Clinton Foundation President Donna Shalala said Wednesday that the organization has largely solidified plans to terminate, reconstitute, or hand off the bulk of its international programs if Hillary Clinton is elected president. It would be a major undertaking — the political context is without precedent, for starters — and has some nonprofit leaders worried.
"I think that this whole thing is going to work or not work depending on how good they are going to be at transferring these relationships," said Carine Roenen, head of Fonkoze Foundation in Port-au-Prince, Haiti, which has worked with the Clinton Foundation. "If they really do it well, they can actually start working with and find other intermediaries who could pick up some of the work that it has been doing. Probably not all of it."
Ms. Shalala, who took the helm of the operating foundation in June 2015, said she and colleagues are moving through its portfolio program by program to ensure, where possible, continuity of services and financial support from donors. They have a strategy for "90 percent of the portfolio that we believe needs to be transitioned," she said.
"We will be making announcements as we’re going along," Ms. Shalala said during a telephone interview with The Chronicle. "But we have to be very careful because we shouldn’t be presumptuous about the campaign. We’re not that arrogant."
Ms. Shalala declined to state whether the Clinton Foundation would add to or change the makeup of its board if Hillary Clinton is elected president. When asked if naming a prominent conservative or Republican to the board might help to defuse partisan criticism, she said the foundation has always been a nonpartisan organization.
"Many of our donors are Republicans, including Donald Trump," Ms. Shalala said.
Former President Bill Clinton announced last month that the foundation will stop accepting donations from corporations, foreign governments, and foreign citizens if his spouse wins the November election, cutting off tens of millions of dollars in revenue.
The foundation had total revenue of $337.9 million, including $217.8 million in donations, in 2014, according to its most recently available audited financial statements. The organization says its work has helped 11.5 million people in the developing world get access to HIV/AIDS treatment, dramatically reduced the cost of malaria drugs in nine countries, and spurred thousands of commitments from corporations and others to address social problems. The charity has earned high marks with third-party ratings groups. For example, nonprofit watchdog Charity Navigator gives the organization four stars, its highest rating.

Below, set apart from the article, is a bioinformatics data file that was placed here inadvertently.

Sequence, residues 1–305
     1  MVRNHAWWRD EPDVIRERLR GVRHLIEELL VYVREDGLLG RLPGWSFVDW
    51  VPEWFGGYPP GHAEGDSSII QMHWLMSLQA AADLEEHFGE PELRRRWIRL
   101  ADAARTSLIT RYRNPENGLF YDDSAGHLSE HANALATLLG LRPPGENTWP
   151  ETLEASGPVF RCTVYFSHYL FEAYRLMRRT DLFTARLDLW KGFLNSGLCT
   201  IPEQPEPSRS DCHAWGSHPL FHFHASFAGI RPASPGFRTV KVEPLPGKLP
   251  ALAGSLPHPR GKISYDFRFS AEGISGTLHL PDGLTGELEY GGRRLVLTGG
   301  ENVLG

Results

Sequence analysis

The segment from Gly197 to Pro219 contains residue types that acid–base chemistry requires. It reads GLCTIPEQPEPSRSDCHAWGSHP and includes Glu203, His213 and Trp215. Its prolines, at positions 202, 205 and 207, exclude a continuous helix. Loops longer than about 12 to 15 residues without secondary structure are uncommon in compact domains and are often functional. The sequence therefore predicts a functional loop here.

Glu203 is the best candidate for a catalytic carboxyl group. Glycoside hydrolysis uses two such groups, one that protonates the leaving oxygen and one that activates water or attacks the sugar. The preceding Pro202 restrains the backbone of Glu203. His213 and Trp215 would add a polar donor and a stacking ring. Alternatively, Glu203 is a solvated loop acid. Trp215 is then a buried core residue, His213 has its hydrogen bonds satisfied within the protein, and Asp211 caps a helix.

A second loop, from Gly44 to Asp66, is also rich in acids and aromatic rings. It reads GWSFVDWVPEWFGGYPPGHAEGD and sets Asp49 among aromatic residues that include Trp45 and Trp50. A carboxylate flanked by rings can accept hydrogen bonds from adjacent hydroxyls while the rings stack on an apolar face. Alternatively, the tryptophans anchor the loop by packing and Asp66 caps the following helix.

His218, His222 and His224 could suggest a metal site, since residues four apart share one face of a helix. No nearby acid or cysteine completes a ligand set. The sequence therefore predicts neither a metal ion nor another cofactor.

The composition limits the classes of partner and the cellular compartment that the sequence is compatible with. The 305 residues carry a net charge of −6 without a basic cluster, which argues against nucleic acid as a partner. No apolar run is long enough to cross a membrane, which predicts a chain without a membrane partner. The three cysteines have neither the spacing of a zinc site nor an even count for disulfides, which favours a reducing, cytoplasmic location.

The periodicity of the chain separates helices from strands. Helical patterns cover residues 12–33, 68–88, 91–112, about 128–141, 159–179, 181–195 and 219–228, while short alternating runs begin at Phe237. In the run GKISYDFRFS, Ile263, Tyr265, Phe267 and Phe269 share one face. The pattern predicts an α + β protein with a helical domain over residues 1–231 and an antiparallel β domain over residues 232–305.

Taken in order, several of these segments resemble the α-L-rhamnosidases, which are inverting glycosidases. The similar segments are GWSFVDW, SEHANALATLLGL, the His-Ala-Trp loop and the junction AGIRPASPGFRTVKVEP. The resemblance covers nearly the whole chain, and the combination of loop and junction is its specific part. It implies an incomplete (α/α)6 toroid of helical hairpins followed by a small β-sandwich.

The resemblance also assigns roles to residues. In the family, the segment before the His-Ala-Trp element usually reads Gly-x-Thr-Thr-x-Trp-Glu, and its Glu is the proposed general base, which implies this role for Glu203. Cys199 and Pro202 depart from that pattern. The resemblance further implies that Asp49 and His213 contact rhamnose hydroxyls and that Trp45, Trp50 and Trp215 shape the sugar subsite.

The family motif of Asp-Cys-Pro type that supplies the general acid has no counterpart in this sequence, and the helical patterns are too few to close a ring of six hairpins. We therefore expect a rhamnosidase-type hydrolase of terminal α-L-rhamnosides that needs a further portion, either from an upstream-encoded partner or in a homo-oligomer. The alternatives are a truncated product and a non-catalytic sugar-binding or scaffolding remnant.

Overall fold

On Wednesday, Ms. Shalala restated plans to spin off some of the Clinton Foundation’s international programs, handing them to existing nongovernmental organizations or foundations or establishing new 501(c)(3)s to carry on the work. She cited the Clinton Giustra Enterprise Partnership, an antipoverty project paid for by Canadian mining mogul Frank Giustra and Mexican telecommunications billionaire Carlos Slim, as one example of work that would be done under a newly created charity.
The foundation has already said it will terminate the Clinton Global Initiative and that this month’s convening of the annual meeting — for years a magnet for nonprofit, corporate, and government leaders — will be the last. The initiative will continue to operate CGI University, an affiliate program for young leaders. The foundation will also still run Bill Clinton’s presidential library in Little Rock, Ark.
Ms. Shalala declined to give details on the future of other programs should Ms. Clinton wins the election, saying specifics will be forthcoming.
"When a foundation, whether it is an operating foundation or a grant-giving foundation, decides to phase out a program, or to transfer it to another partner, it takes some time to do that," Ms. Shalala said.
The goal is to make any changes "responsibly and ethically, and with a real sensitivity to the people we are helping all over the world," Ms. Shalala said. She cited the work of MacArthur Foundation President Julia Stasch as an example.
"When she came in, she phased out a bunch of programs, and if you look at her statements, there were multiple-year grants to phase out those programs, to make sure that the programs not only had good homes but that they could survive and continue," Ms. Shalala said.
Conflicts of Interest